MANILA— Aboard a Canadian Navy ship, a Filipina is among those preparing meals to power sailors through daily duty.
Filipino-Canadian Cpl. Kristel Arcal, a native of Tanza, Cavite, is one of six cooks on board Her Majesty’s Canadian Ship (HMCS) Winnipeg of the Royal Canadian Navy, currently on port call in Manila.
Arcal, among 11 sailors of Filipino descent on board the ship, is a cook who has been detailed at HMCS Winnipeg since May of this year.
“'Pag nasa navy base, may kitchen po. Anytime pwede ka nilang ilagay sa ship, made-deploy ka, parang ganun ang mindset mo so you always have to be ready na made-deploy ka. Wala naman masyadong training na ginawa. Parehas lang po ang trabaho. Ang pagkakaiba lang nasa ship ka, ganun,” said Arcal.
(The navy base has its kitchen. They can deploy you to a ship anytime, so you’re mindset is you always have to be ready for deployment. There was not so much training to do. The work is still the same. The only difference is you’ll be on board a ship.)
Arcal has been with the Canadian Navy for 5 years.
“Nung pumasok ako sa military sila nagturo sa akin habang binabayaran po ako ng wage. I think 'yun ang deciding factor, you get free schooling and you get paid to study and learn the job,” she said.
(When I joined the military they were the ones who taught me and paid me my wage.)
This deployment is her first assignment on board a ship, and luckily one that took her back to her roots.
Arcal was 11 years old when she migrated to Canada 21 years ago. Her parents and two siblings are in Canada, she said. Her family is in Vancouver while she stays in Victoria where the navy base is located.
While she was growing up and embracing the Canadian culture, Arcal said Filipino values and traditions remained alive in her.
“Sa bahay nakakapag-Tagalog po ako kasi sabi ng mga magulang ko 'wag daw kalimutan, so Tagalog pa rin po sa bahay. May Filipino values pa rin po. May Filipino tradition. Nagpipiyesta kami dito, nagsisimba ganun. Nandoon pa rin 'yung Filipino values, culture sa bahay po,” she said.
(I speak Tagalog at home because my parents told me to not forget it so we still speak Tagalog at home. We still have Filipino values and tradition. We celebrate fiesta and go to Church. The Filipino values and culture are still there and we practice them at home.)
Having been away from her home country for over two decades, Arcal said she has missed Filipino food and, of course, her family.
“Kasi nandito po sila lahat. Nasa Canada po kami lang po, like pamilya ko lang po pati isa ko pong tita and then lahat po nandito sa Tanza,” she said.
(Because they are all here. My family, and an aunt, are the only ones in Canada, then all of them are here in Tanza.)
LIFE ON BOARD
On the ship, daily work usually starts for cooks at 6 a.m. and ends at 7 p.m. to make sure the 262 personnel on board get proper sustenance.
“Meron specific jobs. Nagluluto kami breakfast, lunch, pati dinner. May 4-week cycle menu po kami so every day there is something different pero in 4 weeks you’re gonna eat the same food po,” she said.
(We have specific jobs. We cook breakfast, lunch, and dinner. We have a 4-week cycle menu so every day there is something different, but in 4 weeks you’re gonna eat the same food.)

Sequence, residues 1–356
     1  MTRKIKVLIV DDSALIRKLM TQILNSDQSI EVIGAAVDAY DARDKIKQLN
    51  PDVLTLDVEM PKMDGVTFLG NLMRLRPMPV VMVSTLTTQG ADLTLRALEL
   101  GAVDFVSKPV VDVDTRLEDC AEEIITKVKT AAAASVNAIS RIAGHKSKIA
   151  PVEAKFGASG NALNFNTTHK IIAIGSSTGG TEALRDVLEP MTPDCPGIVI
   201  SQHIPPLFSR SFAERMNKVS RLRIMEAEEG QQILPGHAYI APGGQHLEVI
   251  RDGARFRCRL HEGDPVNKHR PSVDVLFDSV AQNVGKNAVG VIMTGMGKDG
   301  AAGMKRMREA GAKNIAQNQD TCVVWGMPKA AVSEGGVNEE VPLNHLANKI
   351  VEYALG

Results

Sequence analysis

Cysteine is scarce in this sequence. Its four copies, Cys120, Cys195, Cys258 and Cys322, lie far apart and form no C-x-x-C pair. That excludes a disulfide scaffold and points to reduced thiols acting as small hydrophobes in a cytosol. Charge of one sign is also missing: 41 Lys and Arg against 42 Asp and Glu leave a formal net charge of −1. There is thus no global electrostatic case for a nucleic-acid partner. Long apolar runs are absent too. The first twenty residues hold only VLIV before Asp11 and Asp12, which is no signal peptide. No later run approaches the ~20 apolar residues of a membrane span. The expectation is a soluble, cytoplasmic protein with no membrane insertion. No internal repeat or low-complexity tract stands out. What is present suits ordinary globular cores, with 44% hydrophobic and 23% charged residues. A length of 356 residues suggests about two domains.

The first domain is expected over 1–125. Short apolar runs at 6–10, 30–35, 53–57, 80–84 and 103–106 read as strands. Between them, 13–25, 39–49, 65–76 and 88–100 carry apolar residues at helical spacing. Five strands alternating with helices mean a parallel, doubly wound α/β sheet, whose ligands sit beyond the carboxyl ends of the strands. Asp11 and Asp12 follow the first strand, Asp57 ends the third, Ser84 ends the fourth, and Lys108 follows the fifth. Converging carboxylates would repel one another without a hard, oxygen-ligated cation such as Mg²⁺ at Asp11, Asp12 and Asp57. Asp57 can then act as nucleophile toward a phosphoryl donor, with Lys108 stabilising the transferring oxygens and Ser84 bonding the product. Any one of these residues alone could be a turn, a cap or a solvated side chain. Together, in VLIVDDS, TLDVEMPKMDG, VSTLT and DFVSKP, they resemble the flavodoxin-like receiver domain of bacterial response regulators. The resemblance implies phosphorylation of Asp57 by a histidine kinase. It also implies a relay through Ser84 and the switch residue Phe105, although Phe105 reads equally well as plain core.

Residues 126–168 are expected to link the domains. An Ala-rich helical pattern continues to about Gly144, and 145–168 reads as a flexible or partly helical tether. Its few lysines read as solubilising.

Has she tried preparing Filipino food on board?
“Hindi pa po ako nakakapagluto ng Pinoy na food. Nagre-request mga tao dito. Ita-try ko po pero hindi pa nangyayari,” she said.
(I haven’t tried cooking Pinoy food. People are requesting. I will try but it has yet to happen.)
Arcal said she uses her free time to rest and hit the gym.
Arcal last visited the Philippines 5 years ago, prior to entering the navy. Even as she and other sailors can't leave the ship while docked because of pandemic restrictions, it does not mean Arcal won’t be able to satisfy her cravings for Pinoy food.
“Papunta na dito 'yung Lola ko pati isang tita at isang kaibigan. Magdadala ng pagkain. Bawal po kaming bumaba, hindi po kami makakalabas,” she said in an online interview Tuesday morning.
(My grandmother, an aunt and a friend are on their way here. They will bring food. We're not allowed to disembark, we can’t go out.)
“Nagpabili po ako ng Jollibee pati mga chichirya para ibibigay ko sa ibang tao, share-share,” she beamed.
(I asked them to buy me Jollibee and some snacks which I will share with others.)
PORT VISITS IN A PANDEMIC
Lt. Amelie Leduc, Public Affairs Officer of the HMCS Winnipeg, said the COVID-19 pandemic is one of the challenges of deployment as crew members are limited to the ship.
Normally, Leduc said, sailors have a rest period during port visits where crew members could go out to try the food and experience the country’s culture.
“It has been very difficult, like the port visits we’ve done so far we haven’t been able to go anywhere. And this port visit, we haven’t been able to play sports down the jetty and it’s hard on a small ship to play sports. I would say that has been the biggest challenge that we’ve encountered so far,” said Leduc.
HMCS Winnipeg is deployed to the Indo-Pacific region from August to December 2021 to conduct forward naval presence operations in the region, as well as cooperative deployments. It will also participate in international naval exercises with allied and partner nations.
Manila is the fourth of seven port visits the ship will make during its deployment.
The ship’s namesake is the City of Winnipeg, capital of the Canadian province of Manitoba. Winnipeg is where some of the very first Filipino immigrants to Canada arrived in the 1950s and '60s. Today, Winnipeg is home to the third largest Filipino community in Canada.